Banking: Mutual interests bind the Middle East to Asia
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Banking: Mutual interests bind the Middle East to Asia

Developments in the Gulf’s markets are increasingly being driven by the presence of Asian – and especially Chinese – banks, so no wonder rival financial centres in the region are competing for a bigger slice of the pie.


When prominent western business leaders started withdrawing from Saudi Arabia’s flagship business conference, the Future Investment Initiative (FII), in October following the murder of Saudi journalist Jamal Khashoggi, Paddy Padmanathan was not worried. 

Padmanathan, chief executive of Acwa Power, a big Saudi power producer, had numerous business meetings set up on the sidelines of ‘Davos in the desert’, as the FII is widely known, including some with the chief executives of large western banks. Their boycott of the event risked derailing those meetings, but Padmanathan was confident. 

“The world is a very, very big place,” he tells Euromoney a few days after the event. “If somebody drops out, they’ll be replaced by somebody else.”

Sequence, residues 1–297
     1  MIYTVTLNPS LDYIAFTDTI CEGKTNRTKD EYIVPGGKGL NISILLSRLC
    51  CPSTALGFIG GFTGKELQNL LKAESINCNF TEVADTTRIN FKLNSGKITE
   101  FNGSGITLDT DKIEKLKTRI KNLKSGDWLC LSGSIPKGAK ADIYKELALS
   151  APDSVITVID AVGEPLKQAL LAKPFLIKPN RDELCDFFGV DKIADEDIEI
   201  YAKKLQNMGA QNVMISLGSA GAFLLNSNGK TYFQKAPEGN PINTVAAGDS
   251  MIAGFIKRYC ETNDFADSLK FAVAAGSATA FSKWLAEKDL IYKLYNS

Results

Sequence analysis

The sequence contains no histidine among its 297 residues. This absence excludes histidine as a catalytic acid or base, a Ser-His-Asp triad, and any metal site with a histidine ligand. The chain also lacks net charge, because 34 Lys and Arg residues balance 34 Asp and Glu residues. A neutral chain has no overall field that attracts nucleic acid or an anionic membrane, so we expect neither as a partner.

That somebody else would be, in all likelihood, from Asia. Seemingly unperturbed by the Khashoggi crisis, the contingent of Asian bankers and corporates present at the event was indeed large. In the end, Padmanathan’s schedule was just as full as he had expected.

For the head of Acwa Power, this is indicative of the wealth of options now available to businesses in the Gulf. Once reliant on local and western banks, the region now benefits from the services of a much broader pool of financial institutions. 

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